Western Wildlife Corridor Preserves – What progress have we made? 

Article and pictures by Tim Sisson

Stewardship can be defined as “caring for those things which are the responsibility of the steward. He/she keeps them in top form”.  With respect to property, Stewardship can be defined as “voluntary, active care and sustainable use of private lands”.

 Both of these definitions very much define the stewardship activities of Western Wildlife Corridor. We take our responsibilities for properties in “our” corridor seriously - Stewardship is not just an 11 letter word for Western Wildlife Corridor – it’s a way of life. This past year we made great progress through our stewardship projects at several preserves.


Sometimes the biggest threat to our preserves is invasion by alien plant species. Plants such as Amur (or Bush) Honeysuckle, Winter Creeper and Garlic Mustard can produce such a dense cover of foliage that native plants cannot survive. We’ve been told that Amur Honeysuckle even secretes a toxin that kills other plants!


After several Saturday mornings of hard work, we now declare that our Addyston preserve has been completely cleared of Amur Honeysuckle! Here’s a picture from one of those Saturday mornings that shows a volunteer instructing her daughter in the finer points of honeysuckle removal.


Once the invasive aliens are removed, the native plants usually reestablish healthy populations. This picture shows Jack-in-the-Pulpits that rebounded vigorously after the honeysuckle were removed. If the native plant population is too far gone, we will replant as necessary to give a helping hand.





 Sometimes litter is a problem, especially if the property has frontage on a road or on a backyard of party animals. At Delshire litter has a way of appearing on a regular basis. Here we show bags of trash being sorted plus a bigger item (a lawnmower base) that won’t fit in a bag.

 At Delshire we have spent many mornings removing honeysuckle too, and we have made real progress. Not only has the upper more level portion been completely cleared, but we have cleared a substantial part of the lower section.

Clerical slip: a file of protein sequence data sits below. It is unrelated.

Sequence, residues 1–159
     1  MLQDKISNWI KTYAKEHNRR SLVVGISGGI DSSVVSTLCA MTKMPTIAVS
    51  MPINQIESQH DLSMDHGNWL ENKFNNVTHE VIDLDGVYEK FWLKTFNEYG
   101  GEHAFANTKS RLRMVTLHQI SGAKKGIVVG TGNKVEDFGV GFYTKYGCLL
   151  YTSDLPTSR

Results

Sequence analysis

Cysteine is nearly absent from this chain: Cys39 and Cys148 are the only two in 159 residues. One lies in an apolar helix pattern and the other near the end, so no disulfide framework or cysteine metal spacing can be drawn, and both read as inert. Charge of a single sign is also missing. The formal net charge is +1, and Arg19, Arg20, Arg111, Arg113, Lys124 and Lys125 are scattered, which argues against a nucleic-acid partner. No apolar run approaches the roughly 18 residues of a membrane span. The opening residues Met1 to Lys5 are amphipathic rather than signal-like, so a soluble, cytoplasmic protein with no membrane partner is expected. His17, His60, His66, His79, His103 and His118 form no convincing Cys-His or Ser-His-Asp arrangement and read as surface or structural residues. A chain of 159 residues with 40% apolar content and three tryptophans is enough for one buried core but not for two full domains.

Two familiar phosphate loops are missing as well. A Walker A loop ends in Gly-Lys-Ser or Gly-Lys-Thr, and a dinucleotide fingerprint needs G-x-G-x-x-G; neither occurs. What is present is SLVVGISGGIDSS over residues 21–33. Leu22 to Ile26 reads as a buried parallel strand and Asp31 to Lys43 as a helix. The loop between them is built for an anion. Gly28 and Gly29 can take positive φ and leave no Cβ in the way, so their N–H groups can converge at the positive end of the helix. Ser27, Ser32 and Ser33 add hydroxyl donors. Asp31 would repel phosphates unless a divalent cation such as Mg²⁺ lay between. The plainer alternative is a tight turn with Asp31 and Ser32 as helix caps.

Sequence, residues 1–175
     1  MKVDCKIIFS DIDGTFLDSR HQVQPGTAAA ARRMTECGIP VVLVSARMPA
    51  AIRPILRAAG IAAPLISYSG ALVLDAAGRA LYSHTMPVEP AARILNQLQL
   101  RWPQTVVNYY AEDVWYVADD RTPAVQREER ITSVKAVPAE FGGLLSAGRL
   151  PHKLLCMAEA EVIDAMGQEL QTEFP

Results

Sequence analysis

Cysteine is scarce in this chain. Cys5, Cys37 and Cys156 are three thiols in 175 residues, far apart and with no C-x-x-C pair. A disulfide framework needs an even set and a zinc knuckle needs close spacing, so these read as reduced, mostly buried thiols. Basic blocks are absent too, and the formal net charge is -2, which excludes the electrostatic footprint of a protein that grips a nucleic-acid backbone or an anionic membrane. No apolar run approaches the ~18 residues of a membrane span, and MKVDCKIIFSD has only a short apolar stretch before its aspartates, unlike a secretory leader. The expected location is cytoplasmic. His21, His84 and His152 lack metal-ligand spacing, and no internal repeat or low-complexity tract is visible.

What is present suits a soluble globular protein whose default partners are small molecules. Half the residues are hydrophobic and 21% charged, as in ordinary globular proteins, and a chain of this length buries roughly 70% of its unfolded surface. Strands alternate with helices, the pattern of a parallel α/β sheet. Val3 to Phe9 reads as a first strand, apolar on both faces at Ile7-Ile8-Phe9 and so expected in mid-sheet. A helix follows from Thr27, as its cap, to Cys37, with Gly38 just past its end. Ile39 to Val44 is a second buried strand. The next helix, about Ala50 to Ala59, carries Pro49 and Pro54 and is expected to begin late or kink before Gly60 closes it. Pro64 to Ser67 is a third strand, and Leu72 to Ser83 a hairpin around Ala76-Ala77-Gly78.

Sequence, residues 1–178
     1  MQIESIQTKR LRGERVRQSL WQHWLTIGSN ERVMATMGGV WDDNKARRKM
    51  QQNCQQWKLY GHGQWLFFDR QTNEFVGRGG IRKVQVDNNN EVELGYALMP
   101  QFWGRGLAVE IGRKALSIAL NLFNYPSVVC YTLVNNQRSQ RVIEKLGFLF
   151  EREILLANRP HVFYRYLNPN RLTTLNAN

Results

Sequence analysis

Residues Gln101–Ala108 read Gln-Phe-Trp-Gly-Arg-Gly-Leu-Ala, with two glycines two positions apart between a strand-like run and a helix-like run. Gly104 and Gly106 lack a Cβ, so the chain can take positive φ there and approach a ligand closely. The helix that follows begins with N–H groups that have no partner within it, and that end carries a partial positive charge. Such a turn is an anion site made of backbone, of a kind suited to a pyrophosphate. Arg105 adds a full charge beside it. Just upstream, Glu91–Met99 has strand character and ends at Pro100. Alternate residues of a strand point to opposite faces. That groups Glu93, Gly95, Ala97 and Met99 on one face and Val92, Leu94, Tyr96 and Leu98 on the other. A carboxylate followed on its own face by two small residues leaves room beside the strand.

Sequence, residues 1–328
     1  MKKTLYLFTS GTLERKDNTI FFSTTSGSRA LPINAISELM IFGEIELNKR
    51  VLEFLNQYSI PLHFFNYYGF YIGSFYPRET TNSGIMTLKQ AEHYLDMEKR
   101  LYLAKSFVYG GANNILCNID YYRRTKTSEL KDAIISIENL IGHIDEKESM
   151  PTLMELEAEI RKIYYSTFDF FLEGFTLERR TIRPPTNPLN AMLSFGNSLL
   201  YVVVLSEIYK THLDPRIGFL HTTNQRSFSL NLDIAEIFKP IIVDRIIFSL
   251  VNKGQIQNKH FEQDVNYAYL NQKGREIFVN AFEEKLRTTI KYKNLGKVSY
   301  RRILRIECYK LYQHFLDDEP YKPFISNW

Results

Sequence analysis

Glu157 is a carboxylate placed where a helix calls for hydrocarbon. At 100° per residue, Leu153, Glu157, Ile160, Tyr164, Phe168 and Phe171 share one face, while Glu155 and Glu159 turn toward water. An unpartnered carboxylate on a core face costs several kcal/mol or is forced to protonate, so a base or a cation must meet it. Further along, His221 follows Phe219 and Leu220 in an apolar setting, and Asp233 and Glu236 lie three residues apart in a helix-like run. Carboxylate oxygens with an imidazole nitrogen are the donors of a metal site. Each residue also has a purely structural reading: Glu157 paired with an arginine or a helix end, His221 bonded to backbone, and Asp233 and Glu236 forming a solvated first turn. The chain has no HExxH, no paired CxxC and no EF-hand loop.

At Delshire we have one of the most vigorous populations of Virginia Bluebells in the county. They have rebounded enthusiastically since the honeysuckle was removed. The hillsides there are now literally covered in a carpet of bluebells in April.

 Delshire is also a great example of the benefit of our preserves to the community. Several of our Delshire neighbors have commented to us that it is a beautiful place to walk, or just to enjoy from their own backyards.


Beekley Property/Storey Woods

 Here we have established a unique partnership with Mrs. Beekley and with Delhi Parks and Recreation Department, whereby Western Wildlife Corridor is helping to steward the properties so that native plants can return. We are in the process of clearing invasive alien plants (primarily Amur Honeysuckle and Winter Creeper) in an area extending across both properties near one of the Storey Woods trails. We are confident that native plants, (such as larkspur, shown at the right on Mrs. Beekley’s property) will come back, giving people on the trail a more enjoyable hiking experience. In addition the results of this project will be educational, allowing everyone to see the striking difference between natural areas and adjacent areas covered with alien plants.

 We have never worked harder on our land protection mission than we have this year. We’re sure you will agree that we have made great progress in establishing beautiful preserves where native plants and animals can thrive; preserves that are a real asset to the community.


Getting the Word Out


Using the grant awarded last year by the Greater Cincinnati Foundation, we have begun conducting local research to determine how we can better communicate our mission and values to a broader audience. We are working with a writer and graphic designer who will use information gleaned from the research to help create a standardized set of materials for the WWC. We will begin using these materials at local events this summer, to spread the word about who we are and what we do as a Land Trust Organization. We will be looking for volunteers to staff our booth at many of these events and help out with other tasks, if you are interested, please call Leesa Miller 941-1628.